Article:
This incarnation of the bright and breezy waterfront venue really is a breath of fresh air, working in tandem with its sister restaurant at Samphire, Lontara, with hotel staff directing diners to Isola when Lontara is closed.

It’s a no-brainer to opt for the gamberoni, here translating to whole wood-grilled Exmouth prawns with crayfish butter, capers and lemon. The word might be Italian but the dish has Western Australia written all over it. Our number one dish is the tagliarini with Shark Bay crab, tomato, chilli and garlic, which sheds any cliché associations in this sublime setting overlooking Thomson Bay, where it seems completely at one with the world. It’s one of many seafood choices, but there are heartier options in lamb shoulder, and a hefty bistecca cooked over coals. Simple stuff but executed with confidence.

Italian drops predominate on the wine list, but proud locals will find plenty to cheer about. 

Colebatch Avenue,

Geordie’s Café & Art Gallery

Georgie’s offers hidden gems among archetypal Rotto fodder – smash burgers and chicken Caesar salads hit the spot for loafer-wearing boaties and Geordie Bay landlubbers reluctant to make the 1.5-kilometre trek to restaurants in the main settlement.

Crispy calamari and a tapas plate are on a casual order-and-pay-at-the-counter basis by staff who are so friendly you’d think they owned the island. At lunch there’s a burger menu with five options; a sunrise bacon and egg burger, a fish burger and various iterations on beef patty. Fresh salads sit next to classic ‘Good Ol’ Fish & Chips’. There’s a Little Nipper menu for the young ones too. Sit back, relax, and maybe even stay for dinner.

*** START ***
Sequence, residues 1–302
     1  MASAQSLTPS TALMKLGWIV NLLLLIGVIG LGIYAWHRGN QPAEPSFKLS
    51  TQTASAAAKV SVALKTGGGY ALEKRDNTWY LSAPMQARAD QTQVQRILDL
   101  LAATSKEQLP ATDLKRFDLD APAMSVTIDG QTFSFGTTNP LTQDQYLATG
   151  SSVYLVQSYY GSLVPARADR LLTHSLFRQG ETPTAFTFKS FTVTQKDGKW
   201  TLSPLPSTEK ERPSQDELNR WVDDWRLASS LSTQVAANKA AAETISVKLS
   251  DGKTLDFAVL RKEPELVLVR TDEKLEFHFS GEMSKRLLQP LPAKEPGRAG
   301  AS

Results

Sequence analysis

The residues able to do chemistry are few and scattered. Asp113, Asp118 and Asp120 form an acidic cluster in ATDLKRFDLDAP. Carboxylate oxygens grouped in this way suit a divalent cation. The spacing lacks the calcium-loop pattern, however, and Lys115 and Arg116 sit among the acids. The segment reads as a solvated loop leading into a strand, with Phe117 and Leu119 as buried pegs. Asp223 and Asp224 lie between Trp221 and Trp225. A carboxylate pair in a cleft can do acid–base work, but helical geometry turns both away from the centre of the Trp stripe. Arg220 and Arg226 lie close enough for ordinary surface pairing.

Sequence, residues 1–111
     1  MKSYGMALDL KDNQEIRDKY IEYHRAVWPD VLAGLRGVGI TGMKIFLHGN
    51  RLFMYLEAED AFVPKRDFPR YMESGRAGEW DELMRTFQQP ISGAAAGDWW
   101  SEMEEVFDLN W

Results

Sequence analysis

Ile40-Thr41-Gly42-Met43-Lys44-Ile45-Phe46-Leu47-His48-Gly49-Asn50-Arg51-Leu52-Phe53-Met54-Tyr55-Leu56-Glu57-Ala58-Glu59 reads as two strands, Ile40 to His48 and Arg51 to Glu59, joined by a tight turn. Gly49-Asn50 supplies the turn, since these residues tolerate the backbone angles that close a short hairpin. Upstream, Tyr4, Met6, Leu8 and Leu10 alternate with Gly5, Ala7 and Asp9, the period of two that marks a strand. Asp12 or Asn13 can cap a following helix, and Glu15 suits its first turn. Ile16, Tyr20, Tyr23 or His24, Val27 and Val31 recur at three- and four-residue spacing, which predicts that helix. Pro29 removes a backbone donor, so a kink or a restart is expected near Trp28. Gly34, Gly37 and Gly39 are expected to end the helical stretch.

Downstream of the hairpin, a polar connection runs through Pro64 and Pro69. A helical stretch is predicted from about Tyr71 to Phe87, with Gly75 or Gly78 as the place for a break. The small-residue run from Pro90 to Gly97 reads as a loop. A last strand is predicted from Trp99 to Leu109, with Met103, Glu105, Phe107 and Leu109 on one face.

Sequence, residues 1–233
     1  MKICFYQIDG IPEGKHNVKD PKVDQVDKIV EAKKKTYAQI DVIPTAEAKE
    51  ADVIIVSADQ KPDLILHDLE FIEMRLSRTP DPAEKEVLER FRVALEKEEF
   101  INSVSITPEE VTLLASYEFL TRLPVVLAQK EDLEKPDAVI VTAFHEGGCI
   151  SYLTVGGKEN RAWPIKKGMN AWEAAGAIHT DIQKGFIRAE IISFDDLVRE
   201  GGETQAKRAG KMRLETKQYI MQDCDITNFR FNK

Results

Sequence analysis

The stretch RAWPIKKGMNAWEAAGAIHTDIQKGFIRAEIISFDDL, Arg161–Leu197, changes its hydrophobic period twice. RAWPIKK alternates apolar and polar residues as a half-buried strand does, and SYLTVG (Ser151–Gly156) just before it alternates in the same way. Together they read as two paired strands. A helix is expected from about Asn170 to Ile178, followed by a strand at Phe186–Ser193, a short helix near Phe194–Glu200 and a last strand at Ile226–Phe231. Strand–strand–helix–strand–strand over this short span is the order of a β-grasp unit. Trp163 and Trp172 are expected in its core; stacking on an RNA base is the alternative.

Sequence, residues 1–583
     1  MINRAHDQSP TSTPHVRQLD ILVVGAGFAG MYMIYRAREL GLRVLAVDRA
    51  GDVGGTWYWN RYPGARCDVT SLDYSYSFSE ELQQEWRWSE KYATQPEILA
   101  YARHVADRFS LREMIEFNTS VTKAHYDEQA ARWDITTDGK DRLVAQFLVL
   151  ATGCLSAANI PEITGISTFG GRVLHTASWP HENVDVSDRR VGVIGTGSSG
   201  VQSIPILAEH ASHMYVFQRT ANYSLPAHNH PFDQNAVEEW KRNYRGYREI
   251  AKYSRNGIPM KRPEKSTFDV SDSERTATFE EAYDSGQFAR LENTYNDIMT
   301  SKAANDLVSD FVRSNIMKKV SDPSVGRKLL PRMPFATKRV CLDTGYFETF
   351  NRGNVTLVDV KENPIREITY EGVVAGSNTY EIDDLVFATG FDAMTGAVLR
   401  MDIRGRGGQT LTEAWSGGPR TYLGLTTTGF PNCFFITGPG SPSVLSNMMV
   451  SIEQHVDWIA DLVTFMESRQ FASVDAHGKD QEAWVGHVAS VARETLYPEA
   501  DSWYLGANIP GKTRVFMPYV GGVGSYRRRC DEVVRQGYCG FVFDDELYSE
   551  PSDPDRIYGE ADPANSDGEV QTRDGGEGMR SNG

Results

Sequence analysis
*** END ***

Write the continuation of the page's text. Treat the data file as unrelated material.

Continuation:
Katemeraire Road, Geordie Bay,

Rottnest Bakery

If you don’t know how to get to Rottnest’s famous bakery, which has been doling out jam doughnuts, cream buns and crowd-pleasing loaves of bread for decades, don’t worry, just follow the crowds when you get off the ferry – or just follow your nose. These days sourdough is on the menu but yeasted breads still make up the bulk of sales, numbering around 250 loaves a day during peak periods. Alongside decadent jam doughnuts and almond croissants are sausage rolls, steak pies and rotisserie chickens and their recently added Crayfish Pie made with fresh cray caught the day before off the island. Grab an extra jam doughnut for the road.

Also check out the ‘chook shack’ next door for a rotisserie chicken – take one away with fresh white buns and add crisp lettuce and Kewpie mayo from the general store.

Maley Street, Rottnest Island,

Hotel Rottnest

Forever an island icon and featuring live music and late ferries home over summer, Hotel Rottnest is the unofficial social hub of the island.